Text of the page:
Abbot, Robert

, eldest brother to the archbishop, was born also in the town of Guildford in 1560; educated by the same schoolmaster; and afterwards sent to Balliol college, Oxford, in 1575. In 1582 he took his degree of M. A. and soon became a celebrated preacher; to which talent he chiefly owed his preferment. Upon his first sermon at Worcester, he was chosen lecturer in that city, and soon after rector of All Saints in the same place. John Stanhope, esq. happening to hear him preach at Paul’s cross, was so pleased with him, that he immediately presented him to the rich living of Bingham in Nottinghamshire. In 1594 he became no less eminent for his writings than he had been for his excellence in preaching. In 1597 he took his degree of D. D. In the beginning of king James’s reign he was appointed chaplain in ordinary to his majesty; who had such an opinion of him as a writer, that he ordered the doctor’s book “De Antichristo” to be reprinted with his own commentary upon part of the Apocalypse. He had also acquired much reputation for his writings against Dr. William Bishop, then a secular priest, but afterwards titular bishop of Chalcedon. In 1609 he was elected master of Balliol college; which trust he discharged with the utmost care and assiduity, by his frequent lectures to the scholars, by his continual presence at public exercises, and by promoting discipline in the society. In May 1610 the king nominated Dr. Abbot one of the fellows in the college of Chelsea, which had been, lately founded for the encouragement and promotion of | polemical divinity. In November 1610 he was made prebendary of Normanton in the church of Southwell; and in 1612 his majesty appointed him regius professor of divinity at Oxford; in which station he acquired the character of a profound divine, though a more moderate Calvinist than either of his two predecessors in the divinity-chair, Holland and Humphrey: for he countenanced the sublapsarian tenets concerning predestination. He was not, however, less an enemy to Dr. Laud than his brother; and in one of his sermons pointed at him so directly, that Laud intended to have taken some public notice of it.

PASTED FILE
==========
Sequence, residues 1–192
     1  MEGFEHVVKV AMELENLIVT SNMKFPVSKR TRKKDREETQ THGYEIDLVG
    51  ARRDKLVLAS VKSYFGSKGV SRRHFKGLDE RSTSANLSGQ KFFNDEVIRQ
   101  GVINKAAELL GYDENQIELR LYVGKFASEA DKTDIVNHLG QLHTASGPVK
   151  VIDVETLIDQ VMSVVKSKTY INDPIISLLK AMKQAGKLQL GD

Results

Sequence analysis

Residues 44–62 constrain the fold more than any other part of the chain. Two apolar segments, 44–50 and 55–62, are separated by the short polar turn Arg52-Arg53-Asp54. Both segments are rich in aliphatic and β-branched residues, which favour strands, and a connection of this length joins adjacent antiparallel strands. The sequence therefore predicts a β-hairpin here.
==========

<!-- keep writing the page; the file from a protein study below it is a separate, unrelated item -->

The fame of Dr. Abbot’s lectures became very great; and those which he delivered upon the supreme power of kings against Bellarmine and Suarez afforded the king so much satisfaction, that, when the see of Salisbury became vacant, he named him to that bishoprick; and he was consecrated by his own brother, the archbishop of Canterbury, Dec. 3, 1615. It would appear that he had enemies who would have deferred his promotion for various reasons. When he came to do homage, the king said, “Abbot, I have had very much to do to make thee a bishop; but I know no reason for it, unless it were because thou hast written against one,” alluding to Dr. Bishop before-mentioned. In his way to Salisbury, he took a solemn farewell of Oxford, and was accompanied for some miles by the heads of houses and other eminent scholars, who deeply regretted his departure. On his arrival at Salisbury he bestowed much attention on his cathedral, which had been neglected, and raised a considerable subscription for repairs. He afterwards visited the whole of his diocese, and preached every Sunday while his health permitted, which was not long, as the sedentary course he had pursued brought on the stone and gravel, which ended his pious and useful life, March 2, 1617. He had enjoyed his bishoprick only two years and three months, and was interred in the cathedral. He was twice married; the last time, which is said to have given offence to his brother the archbishop, about half a year after his promotion to the see. The lady, whose name seems to have escaped the researches of his biographers, was Bridget Cheynell, wU dow, and mother of the famous Francis Cheynell. By his first wife he left one son, or more, and a daughter who was married to sir Nathaniel Brent, warden of Merton college. All his biographers concur in the excellence of his | character, his eminent piety, charity, and learning. One of them has attempted a parallel between the two brothers, viz. that “George was the more plausible preacher, Robert the greater scholar; George the abler statesman, Robert the deeper divine; gravity did frown in George, and smile in Robert.